Background. Consider a convex program $(P)$, \begin{aligned} \textrm{minimize } \quad & f_0(x) \\ \textrm{subject to } \quad &f_i(x) \le 0, \quad i=1,2,...,m \\ & Ax=b, \end{aligned}

and its dual program $(Q)$,

\begin{aligned} \textrm{maximize} \quad & g(\lambda, \nu)\\ \textrm{subject to} \quad & \lambda \succeq 0 \end{aligned}

where $g(\lambda, \nu)=\underset{x\in \mathcal D}{\inf} \left(f_0(x)+\sum_{i=1}^m \lambda_i f_i(x)+\nu^T (Ax-b)\right)$, and $\mathcal D\triangleq \left(\underset{i}{\cap} \: \mathrm{dom}\:f_i\right) \subset \mathbb{R}^n$. The Slater's condition implies strong duality, i.e. $p^*=d^*$, where $p^*$ and $d^*$ are the optimal value of $(P)$ and $(Q)$, respectively. (The Slater's condition is: There exists an $x\in \mathrm{relint}\:\mathcal D$ such that $Ax=b$ and $f_i(x)<0, \:i=1,2,...,m$.)

Boyd & Vandenberghe's book "Convex Optimization" proves the strong duality for a simplified case, i.e. when $\mathrm{relint}\:\mathcal D=\mathrm{int}\:\mathcal D$. Let's call this BV's Lemma.

Question. However, I had some difficulty extending it to the general case, when $\mathrm{relint}\:\mathcal D\ne\mathrm{int}\:\mathcal D$, which I suppose can happen only when the affine dimension of $\mathcal D$ is less than $n$. Does someone know how to prove this, or where I can find a proof? I'll also outline my attempt below, and would appreciate it if someone can point out flaws, if any, in the arguments or comment on/confirm my proof:

My attempted proof. If the affine dimension of $\mathcal D$ is less than $n$, then the affine hull of $\mathcal D$ can be expressed by $\{x\in \mathbb R^n:Bx=c\}$. So I suppose we can add $Bx=c$ to the equality constraints of the convex program, enlarge $\mathcal D$ so that its affine dimension becomes $n$, and obtain an equivalent convex program $(\hat P)$, but now with $\mathrm{relint}\:\mathcal{\hat D}=\mathrm{int}\:\mathcal{\hat D}$, where $\mathcal{\hat D}$ is the enlarged domain of $(\hat P)$. Then by BV's Lemma, strong duality holds for $(\hat P)$. As a result, letting $\hat p^*$ and $\hat d^*$ be the optimal value of $(\hat P)$ and its dual program, respectively, we have $p^*=\hat p^*=\hat d^*$.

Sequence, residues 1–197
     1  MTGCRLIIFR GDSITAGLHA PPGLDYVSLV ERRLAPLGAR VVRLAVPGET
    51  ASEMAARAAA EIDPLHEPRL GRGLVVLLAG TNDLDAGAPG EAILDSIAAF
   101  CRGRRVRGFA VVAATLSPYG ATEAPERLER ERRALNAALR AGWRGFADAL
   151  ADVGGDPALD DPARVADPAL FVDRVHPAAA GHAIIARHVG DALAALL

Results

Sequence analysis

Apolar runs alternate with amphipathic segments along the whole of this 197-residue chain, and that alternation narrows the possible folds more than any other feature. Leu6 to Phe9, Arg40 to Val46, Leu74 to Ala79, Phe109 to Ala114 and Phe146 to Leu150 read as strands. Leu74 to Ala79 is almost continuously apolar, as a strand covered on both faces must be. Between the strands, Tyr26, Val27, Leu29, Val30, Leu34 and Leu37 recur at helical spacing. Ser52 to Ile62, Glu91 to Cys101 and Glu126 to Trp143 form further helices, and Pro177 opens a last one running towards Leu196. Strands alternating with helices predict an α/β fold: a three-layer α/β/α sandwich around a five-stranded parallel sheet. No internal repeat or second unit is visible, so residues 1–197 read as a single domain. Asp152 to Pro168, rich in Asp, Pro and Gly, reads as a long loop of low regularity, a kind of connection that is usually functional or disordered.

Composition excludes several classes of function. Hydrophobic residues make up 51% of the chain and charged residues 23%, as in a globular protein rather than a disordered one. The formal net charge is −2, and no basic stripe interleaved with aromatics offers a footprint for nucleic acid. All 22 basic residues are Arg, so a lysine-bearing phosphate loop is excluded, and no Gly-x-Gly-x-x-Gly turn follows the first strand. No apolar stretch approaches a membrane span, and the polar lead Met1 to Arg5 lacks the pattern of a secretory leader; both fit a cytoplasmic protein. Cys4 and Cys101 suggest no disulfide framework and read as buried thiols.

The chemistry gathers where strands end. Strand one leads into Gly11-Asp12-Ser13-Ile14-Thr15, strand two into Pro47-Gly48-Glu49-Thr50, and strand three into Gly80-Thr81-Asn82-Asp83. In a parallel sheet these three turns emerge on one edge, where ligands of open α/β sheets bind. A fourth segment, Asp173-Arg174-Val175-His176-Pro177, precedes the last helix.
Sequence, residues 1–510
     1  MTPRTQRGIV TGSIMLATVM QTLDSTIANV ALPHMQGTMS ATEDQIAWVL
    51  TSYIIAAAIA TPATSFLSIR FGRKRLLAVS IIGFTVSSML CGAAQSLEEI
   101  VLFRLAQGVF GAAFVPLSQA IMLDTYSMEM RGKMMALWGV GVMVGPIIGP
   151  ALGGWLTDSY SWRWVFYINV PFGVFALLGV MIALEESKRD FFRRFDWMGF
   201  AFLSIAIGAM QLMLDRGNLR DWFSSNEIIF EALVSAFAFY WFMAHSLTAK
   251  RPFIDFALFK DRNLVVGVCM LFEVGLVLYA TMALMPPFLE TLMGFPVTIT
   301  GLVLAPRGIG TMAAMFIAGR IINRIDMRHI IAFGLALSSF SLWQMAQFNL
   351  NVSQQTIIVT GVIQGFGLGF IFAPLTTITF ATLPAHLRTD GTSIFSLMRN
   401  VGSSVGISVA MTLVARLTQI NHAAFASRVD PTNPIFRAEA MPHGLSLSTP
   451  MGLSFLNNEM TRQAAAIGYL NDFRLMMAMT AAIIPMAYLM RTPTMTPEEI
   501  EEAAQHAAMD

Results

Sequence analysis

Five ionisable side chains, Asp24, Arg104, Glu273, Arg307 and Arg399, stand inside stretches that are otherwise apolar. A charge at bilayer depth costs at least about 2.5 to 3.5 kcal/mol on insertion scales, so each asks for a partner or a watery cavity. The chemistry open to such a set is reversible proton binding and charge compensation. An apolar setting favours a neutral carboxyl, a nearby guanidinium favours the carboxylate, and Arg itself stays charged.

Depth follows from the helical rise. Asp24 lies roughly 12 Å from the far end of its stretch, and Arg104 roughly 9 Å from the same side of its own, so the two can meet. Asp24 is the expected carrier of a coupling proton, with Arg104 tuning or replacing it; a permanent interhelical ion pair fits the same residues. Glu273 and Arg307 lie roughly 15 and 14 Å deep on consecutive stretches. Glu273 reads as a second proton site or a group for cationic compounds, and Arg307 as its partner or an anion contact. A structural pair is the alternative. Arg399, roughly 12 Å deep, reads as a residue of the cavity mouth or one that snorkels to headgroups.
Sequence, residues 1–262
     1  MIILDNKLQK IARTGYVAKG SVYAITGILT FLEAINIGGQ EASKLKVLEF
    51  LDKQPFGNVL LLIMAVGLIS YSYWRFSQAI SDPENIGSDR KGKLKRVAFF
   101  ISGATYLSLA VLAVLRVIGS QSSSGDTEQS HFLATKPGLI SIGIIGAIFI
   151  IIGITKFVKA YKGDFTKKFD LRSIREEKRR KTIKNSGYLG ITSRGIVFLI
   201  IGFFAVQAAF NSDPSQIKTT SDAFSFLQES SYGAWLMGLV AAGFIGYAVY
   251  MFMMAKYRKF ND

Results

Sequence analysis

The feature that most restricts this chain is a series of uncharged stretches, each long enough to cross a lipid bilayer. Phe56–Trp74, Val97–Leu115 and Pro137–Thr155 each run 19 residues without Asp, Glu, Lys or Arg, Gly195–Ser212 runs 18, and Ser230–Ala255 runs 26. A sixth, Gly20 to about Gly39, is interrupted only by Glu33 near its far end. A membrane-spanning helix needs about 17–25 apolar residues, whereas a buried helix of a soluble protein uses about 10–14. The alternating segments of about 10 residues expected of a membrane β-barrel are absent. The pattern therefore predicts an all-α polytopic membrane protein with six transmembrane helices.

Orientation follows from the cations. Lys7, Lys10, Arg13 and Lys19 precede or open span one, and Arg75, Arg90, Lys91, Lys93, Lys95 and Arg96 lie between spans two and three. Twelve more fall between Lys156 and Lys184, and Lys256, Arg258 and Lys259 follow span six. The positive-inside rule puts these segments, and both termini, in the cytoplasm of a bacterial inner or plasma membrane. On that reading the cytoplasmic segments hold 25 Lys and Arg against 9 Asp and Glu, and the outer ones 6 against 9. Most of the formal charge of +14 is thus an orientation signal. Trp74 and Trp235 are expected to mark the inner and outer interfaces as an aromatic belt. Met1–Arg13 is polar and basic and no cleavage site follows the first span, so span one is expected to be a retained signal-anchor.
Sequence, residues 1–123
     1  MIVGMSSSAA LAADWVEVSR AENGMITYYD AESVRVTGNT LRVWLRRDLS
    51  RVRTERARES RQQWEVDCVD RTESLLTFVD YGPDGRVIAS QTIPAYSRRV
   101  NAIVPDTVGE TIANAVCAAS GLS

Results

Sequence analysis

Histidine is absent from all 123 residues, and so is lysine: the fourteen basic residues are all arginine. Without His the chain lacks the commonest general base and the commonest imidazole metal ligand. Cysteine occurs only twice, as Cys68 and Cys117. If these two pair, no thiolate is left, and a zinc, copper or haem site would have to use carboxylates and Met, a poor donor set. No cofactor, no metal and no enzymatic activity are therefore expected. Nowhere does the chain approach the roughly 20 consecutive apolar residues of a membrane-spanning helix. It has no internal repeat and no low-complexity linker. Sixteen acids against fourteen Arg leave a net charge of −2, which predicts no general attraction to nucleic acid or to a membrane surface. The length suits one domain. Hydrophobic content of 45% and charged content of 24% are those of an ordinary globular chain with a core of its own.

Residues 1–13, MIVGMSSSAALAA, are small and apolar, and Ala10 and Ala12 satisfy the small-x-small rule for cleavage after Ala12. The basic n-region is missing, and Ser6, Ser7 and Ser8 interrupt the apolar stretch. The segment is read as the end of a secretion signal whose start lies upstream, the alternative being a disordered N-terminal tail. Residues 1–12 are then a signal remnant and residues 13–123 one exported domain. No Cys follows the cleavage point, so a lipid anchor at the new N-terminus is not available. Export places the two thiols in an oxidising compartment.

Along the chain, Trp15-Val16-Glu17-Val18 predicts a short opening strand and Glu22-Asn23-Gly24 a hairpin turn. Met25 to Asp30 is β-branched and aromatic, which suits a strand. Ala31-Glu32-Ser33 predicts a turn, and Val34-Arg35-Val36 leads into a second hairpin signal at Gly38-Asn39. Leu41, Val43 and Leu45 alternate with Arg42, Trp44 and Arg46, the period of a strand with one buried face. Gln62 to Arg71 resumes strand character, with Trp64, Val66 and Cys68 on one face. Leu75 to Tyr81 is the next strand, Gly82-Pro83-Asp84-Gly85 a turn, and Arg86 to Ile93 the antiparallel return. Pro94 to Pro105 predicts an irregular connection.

Clearly, $p^*\ge d^*$ due to weak duality, and hence $\hat d^*\ge d^*$. But it appears that we also have $d^* \ge \hat d^*$. To see this, note that the dual function of $(\hat P)$ is:

$$\hat g(\lambda, \nu_A, \nu_B)=\underset{x\in \mathcal{\hat D}}{\inf} \left(f_0(x)+\sum_{i=1}^m \lambda_i f_i(x)+\nu_A^T (Ax-b)+\nu_B^T(Bx-c)\right),$$

Therefore, $g(\lambda, \nu) \ge \hat g(\lambda, \nu, \nu_B)$, since $\mathcal D \subset \mathcal{\hat D}$ and $Bx=c$ for any $x\in \mathcal D$. As a result,

$$d^*=\underset{\lambda \succeq 0}{\sup} g(\lambda, \nu) \ge \underset{\lambda \succeq 0}{\sup} \hat g(\lambda, \nu_A, \nu_B)=\hat d^*,$$

and hence $p^*=d^*$. QED.

Am I mistaken somewhere?

  • 1
    $\begingroup$ See Theorem 28.2 in Convex Analysis by Rockafellar. Your approach is flawed since you obtain a different dual when you add $Bx=c$. $\endgroup$ – LinAlg Dec 1 '16 at 16:16
  • $\begingroup$ @LinAlg Thanks a lot for the reference and comments. Yes, the dual program is different, but it appears that its optimal value (of the new dual) is no greater than the original? So if the strong duality holds for the new program, it must hold for the original program? $\endgroup$ – syeh_106 Dec 1 '16 at 16:30
  • $\begingroup$ The optimal value if the modified primal is exactly the same as that of the original primal indeed. There are many optimization problems with the same objective value as the original primal. Strong duality however says something about a primal-dual pair. So you must look at the dual of the modified primal. If that dual is equivalent to the dual of the original primal your proof is finished. Otherwise, you haven't proven anything. $\endgroup$ – LinAlg Dec 1 '16 at 16:32
  • $\begingroup$ @LinAlg Thanks again for the feedback, but I guess I still missed something... Let $p^*, \hat p^*$ be the optimal values of the original and modified programs, respectively, and let $d^*, \hat d^*$ be the optimal values of the original and modified dual programs, respectively. Then $\hat p^*= p^*\ge d^*\ge \hat d^*$. If $\hat p^*=\hat d^*$, wouldn't this imply $p^*=d^*$? $\endgroup$ – syeh_106 Dec 1 '16 at 16:43
  • $\begingroup$ Why $d^* \geq \hat{d}^*$? $\endgroup$ – LinAlg Dec 1 '16 at 18:11

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